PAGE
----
By the way, if I'm not mistaken the author of the article you provided is also a member of the forum. His article provided some valuable insights into the incident. Your selective quotes from it did not.

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Post by Georg_S » 27 Feb 2005 21:37

I know several people who participated in the hanging of the People in Tulle,
and they have talked a lot about it to me, the SD-Ustuf (or was he Hstuf) said that
for every German soldier who got killed in the Garnision of Tulle 2 French should be hanged.
Several members of the "Das Reich", never reallt understood why he stopped the hanging by the
nr of 99 people.

They also told me that when they arrived to Tulle several German soldiers was laying wounded
together with their dead comrades, and no one of the population of Tulle didn´t anything to help the wounded
soldiers.

They also told me how he selected the people who to be hanged, the SD officer said that everyone of the village
had to line up, and that decent citypeople didn´t have muddy shoes, so if they found one with mud on their
shoes they must be Maquis.

Oneof them also told me how he managed to save a 17 year old boy from to be hanged.

One of the people who participated in the hanging was SS-Oscha Otto Hoff, lated awarded with DKiG,
after the war he was condemned to Lifetime, but only 4 years later he was pardoned and released
and returned to Germany.

I have letters written by members of that Das Reich unit (SS-Pz.A.A.2) telling the story what happened in Tulle,
but of course there is always two sides of a story.

Best reg.

Georg

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Post by David Thompson » 27 Feb 2005 21:51

Georg -- If can shed more light on these incidents, I'm sure it would be appreciated.

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Post by Panzermahn » 28 Feb 2005 12:59

Several members of the "Das Reich", never reallt understood why he stopped the hanging by the
nr of 99 people


They ran out of rope was the story that widely circulated after the hangings at Tulle

Georg,

Perhaps you can share some of the letters about the members of the DAs Reich AA that told the story about Tulle?

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Re: War crimes against Germans in France prior Tulle & O

Post by Curioso » 28 Feb 2005 17:15

Article by Marc J. Riksmenpoel, American researcher of Waffen SS

http://www.dasreich.ca/ger_oradour.html

Finally it was proven that the French Bolshevik partisans (FTP) provoked the Waffen SS of the Der Fuhrer into committing war crimes at Oradour-Sur-Glane


What you have reported is the guilty party's version of the facts. What it "proves" is that the guilty party will tend to downplay its responsibilities.
The documents are interesting, provided one remembers that it's nothing but the culprits' version. Stating that it "proves" anything is like posting the version of the facts given by, say, Goering's lawyer at his trial, and ending it with a statement that Goering's innocence is thus "proven". That's either naive or disingenuous.
Also, your quoting from that site only weakens the credibility of the claim.
You'd be surprised by how many of the inmates of any prison claim they are innocent, or at least that some extenuating circumstance was not taken in due account at their trial. The fact that they claim this doesn't "prove" they are right.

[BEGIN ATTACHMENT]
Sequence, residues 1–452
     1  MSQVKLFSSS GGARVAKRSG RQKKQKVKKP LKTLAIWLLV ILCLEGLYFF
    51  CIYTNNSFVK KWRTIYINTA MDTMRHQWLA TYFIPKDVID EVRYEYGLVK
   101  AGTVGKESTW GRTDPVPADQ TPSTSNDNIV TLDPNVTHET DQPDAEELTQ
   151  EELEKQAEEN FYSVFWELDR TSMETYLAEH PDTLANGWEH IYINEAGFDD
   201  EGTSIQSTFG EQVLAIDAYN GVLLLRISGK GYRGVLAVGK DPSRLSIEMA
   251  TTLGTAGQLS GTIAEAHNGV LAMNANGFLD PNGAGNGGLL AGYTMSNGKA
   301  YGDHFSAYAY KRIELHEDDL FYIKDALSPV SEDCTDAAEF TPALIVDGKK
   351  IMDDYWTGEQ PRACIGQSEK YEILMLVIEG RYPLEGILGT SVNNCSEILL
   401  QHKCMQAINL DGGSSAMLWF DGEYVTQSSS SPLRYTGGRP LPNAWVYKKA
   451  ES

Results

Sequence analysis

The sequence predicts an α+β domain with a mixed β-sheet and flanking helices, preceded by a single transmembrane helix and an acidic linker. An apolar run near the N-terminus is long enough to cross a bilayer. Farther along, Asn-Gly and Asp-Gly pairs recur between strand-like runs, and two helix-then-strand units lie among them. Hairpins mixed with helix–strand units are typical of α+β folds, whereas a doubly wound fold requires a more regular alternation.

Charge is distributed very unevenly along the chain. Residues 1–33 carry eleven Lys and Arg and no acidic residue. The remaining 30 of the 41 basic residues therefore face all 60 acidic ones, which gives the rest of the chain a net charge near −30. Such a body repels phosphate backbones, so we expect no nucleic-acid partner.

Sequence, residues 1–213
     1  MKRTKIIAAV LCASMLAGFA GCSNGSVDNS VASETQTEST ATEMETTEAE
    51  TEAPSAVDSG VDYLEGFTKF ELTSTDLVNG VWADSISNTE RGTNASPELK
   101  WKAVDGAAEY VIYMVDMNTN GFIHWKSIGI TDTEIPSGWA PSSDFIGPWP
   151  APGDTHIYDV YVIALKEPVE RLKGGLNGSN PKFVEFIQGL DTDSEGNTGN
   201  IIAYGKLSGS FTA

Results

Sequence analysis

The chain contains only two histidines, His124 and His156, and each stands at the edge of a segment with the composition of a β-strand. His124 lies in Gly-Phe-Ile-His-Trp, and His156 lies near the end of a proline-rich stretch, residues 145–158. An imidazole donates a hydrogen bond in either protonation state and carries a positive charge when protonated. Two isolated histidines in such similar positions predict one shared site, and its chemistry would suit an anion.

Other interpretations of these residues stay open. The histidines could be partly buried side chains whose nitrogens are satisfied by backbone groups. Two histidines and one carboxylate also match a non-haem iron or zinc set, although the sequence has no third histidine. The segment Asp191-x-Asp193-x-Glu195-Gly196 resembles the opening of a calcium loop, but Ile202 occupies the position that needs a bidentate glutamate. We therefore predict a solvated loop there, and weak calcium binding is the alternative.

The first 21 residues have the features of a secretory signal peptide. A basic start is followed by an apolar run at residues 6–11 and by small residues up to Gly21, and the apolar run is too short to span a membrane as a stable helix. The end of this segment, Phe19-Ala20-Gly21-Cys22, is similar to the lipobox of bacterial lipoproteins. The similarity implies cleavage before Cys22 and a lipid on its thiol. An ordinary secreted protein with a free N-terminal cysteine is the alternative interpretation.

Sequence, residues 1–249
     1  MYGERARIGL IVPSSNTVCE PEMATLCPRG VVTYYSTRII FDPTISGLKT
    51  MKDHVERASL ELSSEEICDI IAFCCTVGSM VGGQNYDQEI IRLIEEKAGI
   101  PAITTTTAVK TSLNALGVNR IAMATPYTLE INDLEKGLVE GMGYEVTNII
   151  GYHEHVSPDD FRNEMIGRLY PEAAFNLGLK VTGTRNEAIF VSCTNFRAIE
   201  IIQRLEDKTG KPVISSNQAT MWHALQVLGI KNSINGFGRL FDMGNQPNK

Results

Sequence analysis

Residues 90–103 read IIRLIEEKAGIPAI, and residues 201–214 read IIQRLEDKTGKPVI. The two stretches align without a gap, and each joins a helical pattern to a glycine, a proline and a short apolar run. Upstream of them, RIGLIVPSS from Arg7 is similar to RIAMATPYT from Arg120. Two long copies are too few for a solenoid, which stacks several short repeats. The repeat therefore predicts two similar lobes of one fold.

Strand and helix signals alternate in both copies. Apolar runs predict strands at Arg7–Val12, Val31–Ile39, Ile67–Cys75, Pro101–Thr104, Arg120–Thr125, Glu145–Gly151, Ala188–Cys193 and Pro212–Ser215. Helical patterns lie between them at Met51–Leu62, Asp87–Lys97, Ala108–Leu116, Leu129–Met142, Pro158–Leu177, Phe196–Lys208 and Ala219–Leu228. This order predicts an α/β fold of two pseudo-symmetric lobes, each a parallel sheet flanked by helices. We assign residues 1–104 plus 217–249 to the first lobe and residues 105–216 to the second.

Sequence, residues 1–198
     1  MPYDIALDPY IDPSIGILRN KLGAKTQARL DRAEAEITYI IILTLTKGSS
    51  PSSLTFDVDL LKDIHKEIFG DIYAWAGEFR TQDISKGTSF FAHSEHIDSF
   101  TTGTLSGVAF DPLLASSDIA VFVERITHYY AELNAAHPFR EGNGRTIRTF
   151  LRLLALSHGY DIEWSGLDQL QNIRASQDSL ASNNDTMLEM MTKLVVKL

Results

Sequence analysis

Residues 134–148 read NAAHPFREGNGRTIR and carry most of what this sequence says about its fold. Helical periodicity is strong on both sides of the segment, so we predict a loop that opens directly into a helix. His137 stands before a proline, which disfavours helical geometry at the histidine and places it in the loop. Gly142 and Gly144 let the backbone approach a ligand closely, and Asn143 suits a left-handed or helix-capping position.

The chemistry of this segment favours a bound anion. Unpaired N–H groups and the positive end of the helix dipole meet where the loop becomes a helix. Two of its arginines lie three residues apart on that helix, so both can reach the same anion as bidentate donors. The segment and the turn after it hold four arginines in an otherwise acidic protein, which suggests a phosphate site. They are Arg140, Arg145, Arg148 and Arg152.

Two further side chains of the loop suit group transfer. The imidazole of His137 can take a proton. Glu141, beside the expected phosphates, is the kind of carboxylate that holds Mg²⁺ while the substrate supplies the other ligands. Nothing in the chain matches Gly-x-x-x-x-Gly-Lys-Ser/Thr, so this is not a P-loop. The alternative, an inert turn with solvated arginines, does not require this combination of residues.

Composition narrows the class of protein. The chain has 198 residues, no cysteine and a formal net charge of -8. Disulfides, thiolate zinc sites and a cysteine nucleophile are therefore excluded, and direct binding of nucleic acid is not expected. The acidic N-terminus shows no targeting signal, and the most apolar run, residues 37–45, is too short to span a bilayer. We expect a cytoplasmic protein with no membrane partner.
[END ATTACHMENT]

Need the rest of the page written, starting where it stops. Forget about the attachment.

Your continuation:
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Post by Snafu » 28 Feb 2005 17:42

Perhaps, but the German version(s) does make the massacres more explainable and with nothing further in form of evidence to add, their explanation becomes more plausible. There is little sense in suggesting that regular combat troops of Das Reich would have nothing better to do than roaming about the countryside killing entire villages just for fun, which is the image the popular version of these occurances invariably convey.

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Post by Georg_S » 28 Feb 2005 19:21

I will look through my files and see what I find about Tulle regarding members of SS-Pz.A.A.2.
But if it´s possible to other try to get a copy of "SS-Beutedeutsch", written by a member (Born in Elsass)
of the SS-Pz.A.A.2, Pseudo: Sadi Schneid.
He was the one who saved the 17 year old boy, and he was also one of them who escorted the people
to the hanging spot where other people waited to hang them, one of them Otto Hoff.

It´s funny, "Sadi" have never mentioned that they was lack of ropes. Maybe you can give some source about
that statement?

Best reg.

Georg

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Post by walterkaschner » 28 Feb 2005 22:32

I see that Panzermahn once again is employing the tactic of quoting sources out of context and omitting those portions unfavorable or contradictory to his view. Perhaps in his treatment of evidence he has fallen under the influence of David Irving, who seems to be one of his favorite authors.

The atrocity committed by a unit of the 2nd SS Panzer Division "Das Reich" at Oradour-sur-Glane seems to be one of Panzermahn's favorite targets for this sort of treatment. Just two weeks ago, he revived the year-old topic "Oradour sur Glane" on this very Section and attempted to lay the entire blame on the French Resistance by cherry-picking certain sentences from Mike William's comprehensive and overall outstanding web site, while of course omitting Mike's scathing conclusory indictment of the SS.

Exxley's response (February 18 last) to Panzermahn's previous and similar ploy is well worth repeating here:

How come Im not even surprised Panzermahn forgot to quote the whole conclusion of Michael Williams:

here is what Panzermahn quoted:


This is a very brief summary of what I think are the salient points concerning the events at Oradour:

The highly disciplined and politically motivated troops of the SS were provoked by the highly politically motivated and undisciplined members of the FTP (French communist resistance) into acts of reprisal.


As a direct result of their reckless attacks upon a far from beaten enemy, the resistance caused a build-up of anger and frustration within the ranks of Das Reich. This anger led to the two major incidents at Tulle and Oradour-sur-Glane.